Economics lecture set for Oct. 18; Marcus is speaker

Morton J. Marcus

“Statistics don’t lie but liars use statistics.” This is the trite response often heard when someone quotes data to support an argument. As one who tries to represent reality by the use of data, I resent this oft-repeated insult.

Yet, we don’t hear the same about painters or photographers. Think of portraits where the use of light and shadow, angle, background, and numerous other aspects can make the villain look heroic, the plain radiate beauty.

Now look at how by asking different questions we can see Indiana’s economy differently. Our Indiana and national economies have been advancing for almost a decade. What aspect of the economy should we consider?

Our politicians focus on jobs. Jobs are not people. A person may hold more than one job. Hence, the number of jobs may exceed the number of people holding jobs. Jobs refer to workers at Indiana establishments, including persons who live beyond our borders. The Employed are persons who live in Indiana, but they may work in other states.

The jobs numbers come from a survey of employers and the number of residents holding jobs comes from a survey of households. But, due to bureaucratic perversity, both numbers are called employment.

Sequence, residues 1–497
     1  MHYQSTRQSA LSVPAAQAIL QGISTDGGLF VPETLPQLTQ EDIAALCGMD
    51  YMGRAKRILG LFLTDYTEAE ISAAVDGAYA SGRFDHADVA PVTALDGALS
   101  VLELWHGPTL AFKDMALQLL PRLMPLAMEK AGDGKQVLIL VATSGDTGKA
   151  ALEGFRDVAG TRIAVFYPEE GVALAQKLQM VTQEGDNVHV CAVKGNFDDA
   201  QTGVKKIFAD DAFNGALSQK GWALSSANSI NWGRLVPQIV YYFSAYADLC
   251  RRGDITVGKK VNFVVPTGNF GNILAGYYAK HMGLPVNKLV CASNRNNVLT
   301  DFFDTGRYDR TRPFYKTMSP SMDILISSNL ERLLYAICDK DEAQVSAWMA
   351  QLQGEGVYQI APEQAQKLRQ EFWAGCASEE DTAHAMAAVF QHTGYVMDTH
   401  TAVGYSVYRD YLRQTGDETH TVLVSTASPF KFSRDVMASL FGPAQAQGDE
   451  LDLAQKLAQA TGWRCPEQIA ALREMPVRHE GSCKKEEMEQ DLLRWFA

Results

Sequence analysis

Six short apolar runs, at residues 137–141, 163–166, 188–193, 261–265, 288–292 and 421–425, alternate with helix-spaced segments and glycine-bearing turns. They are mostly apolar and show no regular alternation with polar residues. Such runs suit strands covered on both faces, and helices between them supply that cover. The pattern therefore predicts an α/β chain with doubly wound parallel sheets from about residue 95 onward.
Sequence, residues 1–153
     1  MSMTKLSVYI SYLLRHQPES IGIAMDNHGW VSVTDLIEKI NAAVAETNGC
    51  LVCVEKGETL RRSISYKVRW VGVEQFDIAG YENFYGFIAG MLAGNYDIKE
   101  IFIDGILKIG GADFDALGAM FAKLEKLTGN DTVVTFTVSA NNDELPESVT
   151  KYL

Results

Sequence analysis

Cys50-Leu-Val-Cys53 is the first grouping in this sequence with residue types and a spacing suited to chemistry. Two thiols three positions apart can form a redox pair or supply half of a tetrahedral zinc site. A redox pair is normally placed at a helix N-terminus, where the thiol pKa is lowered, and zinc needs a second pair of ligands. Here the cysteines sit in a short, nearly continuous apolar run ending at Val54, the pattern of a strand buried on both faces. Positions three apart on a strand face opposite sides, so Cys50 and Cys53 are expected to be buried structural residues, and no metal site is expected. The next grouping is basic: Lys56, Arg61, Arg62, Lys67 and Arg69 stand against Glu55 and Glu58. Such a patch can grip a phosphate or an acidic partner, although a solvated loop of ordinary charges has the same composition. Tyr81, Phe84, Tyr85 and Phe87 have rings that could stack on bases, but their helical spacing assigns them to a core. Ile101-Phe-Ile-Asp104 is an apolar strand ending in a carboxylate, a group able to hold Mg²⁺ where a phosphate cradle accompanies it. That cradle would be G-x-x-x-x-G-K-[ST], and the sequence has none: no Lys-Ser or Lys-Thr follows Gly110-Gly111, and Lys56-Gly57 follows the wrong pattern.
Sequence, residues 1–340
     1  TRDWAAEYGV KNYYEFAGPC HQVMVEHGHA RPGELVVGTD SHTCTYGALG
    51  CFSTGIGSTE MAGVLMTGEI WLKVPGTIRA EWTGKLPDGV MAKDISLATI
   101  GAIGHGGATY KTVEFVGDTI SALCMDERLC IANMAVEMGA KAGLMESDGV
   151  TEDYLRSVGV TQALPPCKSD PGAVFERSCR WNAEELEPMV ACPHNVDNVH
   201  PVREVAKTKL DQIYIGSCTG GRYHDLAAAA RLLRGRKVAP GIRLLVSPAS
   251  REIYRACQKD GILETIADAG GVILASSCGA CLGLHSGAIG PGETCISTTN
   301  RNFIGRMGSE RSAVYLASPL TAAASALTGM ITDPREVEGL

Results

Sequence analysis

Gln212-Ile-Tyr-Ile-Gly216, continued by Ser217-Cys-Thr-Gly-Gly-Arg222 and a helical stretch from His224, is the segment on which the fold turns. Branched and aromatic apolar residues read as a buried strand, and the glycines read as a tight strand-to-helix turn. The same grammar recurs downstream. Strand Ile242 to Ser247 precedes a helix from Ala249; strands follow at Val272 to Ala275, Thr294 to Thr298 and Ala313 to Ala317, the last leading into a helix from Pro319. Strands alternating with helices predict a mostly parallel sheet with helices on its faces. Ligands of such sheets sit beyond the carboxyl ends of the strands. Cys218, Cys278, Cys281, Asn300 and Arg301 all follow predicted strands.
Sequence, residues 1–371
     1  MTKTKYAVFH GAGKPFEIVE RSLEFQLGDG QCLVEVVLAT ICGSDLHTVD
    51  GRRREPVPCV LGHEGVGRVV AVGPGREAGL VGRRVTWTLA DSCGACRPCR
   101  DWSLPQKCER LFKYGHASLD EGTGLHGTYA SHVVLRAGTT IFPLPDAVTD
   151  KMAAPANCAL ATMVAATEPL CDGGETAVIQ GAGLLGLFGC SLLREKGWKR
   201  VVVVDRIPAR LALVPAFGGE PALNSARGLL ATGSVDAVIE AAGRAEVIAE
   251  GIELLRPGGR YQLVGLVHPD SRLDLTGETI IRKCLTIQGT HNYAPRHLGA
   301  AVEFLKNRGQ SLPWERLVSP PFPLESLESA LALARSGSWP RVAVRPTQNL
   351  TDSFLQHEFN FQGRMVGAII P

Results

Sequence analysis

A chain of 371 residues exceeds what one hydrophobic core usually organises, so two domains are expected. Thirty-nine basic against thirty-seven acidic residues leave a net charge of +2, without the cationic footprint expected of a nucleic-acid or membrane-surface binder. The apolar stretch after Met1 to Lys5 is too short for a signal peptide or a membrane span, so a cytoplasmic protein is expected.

Here, we’ll join the politicians and talk about jobs.

In between December 2017 and 2018, Indiana had a 0.9 percent growth in the number of jobs. This compared with an average annual rate of growth for 2012 through 2017 of 1.3 percent. Conclusion, Indiana’s job growth has slowed from the recovery years of the late recession.

Yet, seen in context of the nation, this is not exceptional. In the 2012-’17 period, U.S. jobs grew by an average rate of 1.8 percent, but slowed in 2017-’18 to 1.5 percent. Indiana slowed down in harmony with the national deceleration.

OK. Not so bad; we don’t go our own way and fight national trends. But in that solace, we overlook a very basic fact: the growth of Indiana jobs trails the nation. Back up and look at those numbers again. When the nation was growing at 1.8 percent, Indiana grew at 1.3 percent. More recently, with the U.S. growing at 1.5 percent, Indiana recorded only a 0.9 percent advance.

Hold on, there’s more to think about. When we describe the U.S., our data looks at the country as a whole. California alone has 12 percent of the nation’s jobs while Indiana has just two percent. That gives what happens in California more weight in the national numbers.

Furthermore, California recorded 17 percent of the change in total U.S. jobs while Indiana accounted for only 1.5 percent of that change. However, if we give the states equal weight, half of all states grew at seven percent rather than the more commonly reported 9.6 percent for the nation.

There are no lies here, but the “truth” may depend on who pays your salary.

Morton Marcus is an economist. Reach him at Follow his views and those of John Guy on “Who gets what?” wherever podcasts are available or at

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